- Doctors have thought testosterone might help women with a low libido
- Study finds women with higher testosterone levels have only a slightly stronger sex drive
- There is no drug in the U.S. approved to treat low sex drive in women
What makes a woman want to have sex isn't totally hormonal, as it can be with men.
Instead, women need a lot more to be turned on, according to a study published in the Journal of Clinical Endocrinology and Metabolism.
"Women's interest in sex is extremely complicated," said Dr. John Randolph, a study author. Randolph is a professor of obstetrics and gynecology with the University of Michigan Health System.
While some drugs are in the pipeline, there is no drug treatment available in the United States for boosting the female sex drive, although up to one-third of adult women may experience "hypoactive sexual desire disorder," the medical term for a low interest in sex, according to a 2002 study.
Some doctors have explored the idea of giving low doses of testosterone to help women with a low libido. Giving a form of testosterone to men can help, because that's what they need to maintain an erection.
Women's bodies produce testosterone, but not nearly at the same level as men, and that testosterone production drops significantly if a woman has had her ovaries removed. It also drops after menopause.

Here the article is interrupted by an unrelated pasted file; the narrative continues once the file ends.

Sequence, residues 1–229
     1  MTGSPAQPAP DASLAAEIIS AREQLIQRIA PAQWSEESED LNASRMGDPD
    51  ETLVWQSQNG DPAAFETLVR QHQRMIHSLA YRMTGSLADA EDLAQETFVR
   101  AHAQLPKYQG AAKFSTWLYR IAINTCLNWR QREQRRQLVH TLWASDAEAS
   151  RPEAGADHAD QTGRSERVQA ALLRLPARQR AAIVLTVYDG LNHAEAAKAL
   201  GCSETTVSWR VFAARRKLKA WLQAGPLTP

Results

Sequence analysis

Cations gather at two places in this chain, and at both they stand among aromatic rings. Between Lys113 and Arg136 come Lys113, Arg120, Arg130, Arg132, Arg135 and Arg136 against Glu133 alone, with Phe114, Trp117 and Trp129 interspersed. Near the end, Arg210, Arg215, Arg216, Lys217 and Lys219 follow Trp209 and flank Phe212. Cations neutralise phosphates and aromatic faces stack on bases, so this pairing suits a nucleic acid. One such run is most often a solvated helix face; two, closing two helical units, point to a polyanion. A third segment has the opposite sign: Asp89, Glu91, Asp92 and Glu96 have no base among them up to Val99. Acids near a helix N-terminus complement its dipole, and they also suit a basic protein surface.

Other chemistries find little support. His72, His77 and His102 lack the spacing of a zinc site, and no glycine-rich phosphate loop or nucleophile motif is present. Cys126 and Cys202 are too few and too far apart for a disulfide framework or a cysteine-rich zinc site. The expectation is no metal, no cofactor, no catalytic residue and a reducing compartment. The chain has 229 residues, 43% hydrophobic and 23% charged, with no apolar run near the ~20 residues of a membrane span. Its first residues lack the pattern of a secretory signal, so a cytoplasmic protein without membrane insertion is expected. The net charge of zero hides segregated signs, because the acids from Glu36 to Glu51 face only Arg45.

Randolph said scientists have theorized that testosterone played a role in women's sexual function "but people haven't been very successful in proving that for lots of reasons."
His study shows that testosterone does play a role in women's interest in sex, but it may only play a modest role. What seemed to play a bigger role in a woman's drive for sex is her emotional well-being.
Randolph and his co-authors got at that conclusion by examining data from 3,302 women who were part of a decade-long effort called Study of Women's Health Around the Nation.
The women had their blood drawn and doctors checked the presence of testosterone and other reproductive hormones. For the purpose of this particular study, the focus was on women going through menopause.
Looking through the data, researchers saw that the women with higher testosterone levels in their blood felt sexual desire slightly more than women with lower levels. "But the difference was underwhelming," Randolph said. Meaning, he believes, that giving a woman with a small appetite for intimacy testosterone wouldn't suddenly give her a healthy sex drive.
What the data did show was that women who reported that they had fewer sad moods and reported being more emotionally satisfied in their relationship had more sexual desire than those who did not.
"Mood and an overall sense of health and well-being is key for women," Randolph said.
So what that suggests is that women who are dissatisfied with their low desire for intimacy may want to talk to their doctors about how they can improve these psychological factors instead.
"It's not fair, I know. A lot of people would probably rather just be able to take a pill," Randolph said. "But when it comes to sex, women are a lot more complicated."